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Research at the Institute for Computer Engineering

On this page we briefly introduce the chairs at the Institute for Computer Engineering of the University of Heidelberg and their research areas:


Application Specific Computing

Our research focuses on significant improvements of performance and accuracy in application specific computing through a global optimization across the entire spectrum of numerical methods, algorithm design, software implementation and hardware acceleration.

These layers typically have contradictory requirements and their integration poses many challenges. For example, numerically superior methods expose little parallelism, bandwidth efficient algorithms convolve the processing of space and time into unmanageable software patterns, high level language abstractions create data layout and composition barriers, and high performance on today's hardware poses strict requirements on parallel execution and data access. High performance and accuracy for the entire application can only be achieved by balancing these requirements across all layers.

Particular attention is given to parallel algorithms and hardware (GPU, many-core, FPGA, custom) in relation to

  • Data representation (mixed-precision, compression, redundancy)
  • Data access (layout, spatial and temporal locality)
  • Data structure (unstructured grids, graphs, adaptivity)
  • Numerical methods (ILU, Krylov, GMG, AMG)
  • Programming abstractions (CUDA, thrust, PSTL, C++2x, UPC++)

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Computer Architecture

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The Computer Architecture Group at the University of Heidelberg has the expertise to design complex hardware/software systems. As system architects we cover not only the operation principles but include the technology and the software to build real working prototypes. All levels of system design are covered, starting at the application programming interface, e.g. MPI, through the efficient design of device drivers finishing at custom build hardware devices based on standard cells.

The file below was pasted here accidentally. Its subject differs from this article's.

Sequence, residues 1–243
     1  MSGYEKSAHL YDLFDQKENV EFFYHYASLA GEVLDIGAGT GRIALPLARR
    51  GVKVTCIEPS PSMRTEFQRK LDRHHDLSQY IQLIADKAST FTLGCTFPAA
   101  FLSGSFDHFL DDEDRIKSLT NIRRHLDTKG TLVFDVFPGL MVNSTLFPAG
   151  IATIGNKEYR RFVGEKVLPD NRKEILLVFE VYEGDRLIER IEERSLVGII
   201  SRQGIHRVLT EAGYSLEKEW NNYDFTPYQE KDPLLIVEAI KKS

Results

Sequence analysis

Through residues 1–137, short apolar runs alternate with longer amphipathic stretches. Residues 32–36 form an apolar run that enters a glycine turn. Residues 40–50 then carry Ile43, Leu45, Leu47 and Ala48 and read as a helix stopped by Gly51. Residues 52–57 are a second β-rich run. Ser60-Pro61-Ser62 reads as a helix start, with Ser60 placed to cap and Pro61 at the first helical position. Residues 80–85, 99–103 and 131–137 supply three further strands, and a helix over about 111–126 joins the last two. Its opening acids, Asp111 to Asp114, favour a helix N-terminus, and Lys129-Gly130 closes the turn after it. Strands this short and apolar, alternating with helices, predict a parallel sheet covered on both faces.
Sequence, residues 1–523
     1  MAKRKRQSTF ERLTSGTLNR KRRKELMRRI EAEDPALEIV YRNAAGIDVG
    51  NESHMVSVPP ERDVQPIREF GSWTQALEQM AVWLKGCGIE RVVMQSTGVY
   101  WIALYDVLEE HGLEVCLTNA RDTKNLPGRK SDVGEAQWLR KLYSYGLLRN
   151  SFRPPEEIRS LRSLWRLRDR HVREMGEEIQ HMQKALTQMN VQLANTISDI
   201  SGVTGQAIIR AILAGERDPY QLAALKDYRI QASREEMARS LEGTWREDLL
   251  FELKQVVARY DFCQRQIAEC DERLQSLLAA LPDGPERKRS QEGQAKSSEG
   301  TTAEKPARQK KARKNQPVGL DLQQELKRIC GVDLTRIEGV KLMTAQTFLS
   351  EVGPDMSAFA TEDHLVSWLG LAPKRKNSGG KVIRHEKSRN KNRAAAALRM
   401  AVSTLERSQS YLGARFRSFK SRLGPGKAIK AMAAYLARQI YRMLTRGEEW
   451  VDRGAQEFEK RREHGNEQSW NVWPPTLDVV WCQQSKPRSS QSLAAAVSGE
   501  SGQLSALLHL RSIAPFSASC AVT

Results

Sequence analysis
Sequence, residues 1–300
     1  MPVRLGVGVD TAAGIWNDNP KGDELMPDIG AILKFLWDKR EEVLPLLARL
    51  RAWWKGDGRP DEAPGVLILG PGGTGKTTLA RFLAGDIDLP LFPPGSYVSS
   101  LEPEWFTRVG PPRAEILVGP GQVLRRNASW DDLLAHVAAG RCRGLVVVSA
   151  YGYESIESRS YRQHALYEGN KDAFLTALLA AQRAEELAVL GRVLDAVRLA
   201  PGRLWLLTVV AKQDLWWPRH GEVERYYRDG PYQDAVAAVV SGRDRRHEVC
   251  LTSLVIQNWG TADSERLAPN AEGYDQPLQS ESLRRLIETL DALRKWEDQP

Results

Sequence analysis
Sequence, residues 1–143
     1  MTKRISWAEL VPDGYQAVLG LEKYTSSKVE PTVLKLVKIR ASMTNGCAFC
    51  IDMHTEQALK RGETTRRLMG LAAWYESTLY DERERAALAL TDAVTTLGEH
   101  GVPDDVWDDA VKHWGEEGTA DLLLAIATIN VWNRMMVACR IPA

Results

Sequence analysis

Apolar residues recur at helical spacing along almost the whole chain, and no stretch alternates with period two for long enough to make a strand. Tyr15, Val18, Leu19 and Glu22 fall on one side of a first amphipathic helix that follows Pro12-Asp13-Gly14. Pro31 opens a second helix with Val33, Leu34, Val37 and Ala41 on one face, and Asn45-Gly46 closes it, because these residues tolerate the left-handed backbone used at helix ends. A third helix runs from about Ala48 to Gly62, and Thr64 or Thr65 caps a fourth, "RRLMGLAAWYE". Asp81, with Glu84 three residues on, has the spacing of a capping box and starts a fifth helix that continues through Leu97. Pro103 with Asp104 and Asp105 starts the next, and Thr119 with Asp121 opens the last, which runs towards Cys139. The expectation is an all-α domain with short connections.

The group mainly focuses on the design of parallel architectures which achieve their high performance by improving communication between computational devices/units. Scaling such systems is a great challenge to the architecture of the interconnection network (IN) and the network interface controller (NIC). Special attention is paid on the interface between software and hardware to setup communication instructions.


Areas of Research:

  • Parallel- and cluster computing
  • New computer architectures und paralell computers
  • Low latency interconnection networks
  • Communication in cluster systems
  • Efficient hardware development tools


Projects include:

  • Center of Excellence for Hypertransport
  • HTX Board: A universal Hypertransport test platform
  • SEED: Support for Education in Electronic Design
  • ATOLL: Atomic low latency interconnect for cluster computing
  • FSM Designer 4: An efficient FSM design tool

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Computing Systems

Today, research in computing systems is most concerned with specialized forms of computing in combination with seamless integration into existing systems. Specialized computing, for instance based on GPUs (as known for gaming) or FPGAs (field programmable gate arrays) or ASICs (not the shoe brand but “application-specific integrated circuits”), is motivated by diminishing returns from CMOS technology scaling and hard power constraints. Notably, for a given fixed power budget $p$, energy efficiency $e$ defines performance $perf$: $perf [\frac{ops}{sec}] = p [Watt] \cdot e [ops/Joule]$. Thus, a sustained performance scaling based on CMOS technology requires to improve the energy efficiency of compute and memory operations substantially, which is typically being done using the previously mentioned specialized forms of computing. However, any specialization stands in contrast to generality, thus raising various questions related to programmability and algorithmic innovation. 

Particular research foci include

  • resource-efficient ML such as model compression for edge, mobile and embedded systems, 
  • code analysis and generation as for instance based on CLANG/LLVM and targeting (multi-)GPU systems, 
  • HW/SW codesign to meet application objectives by a comprehensive treatment of software and hardware components, and 
  • specialized processor architectures under performance, energy efficiency and programmability constraints.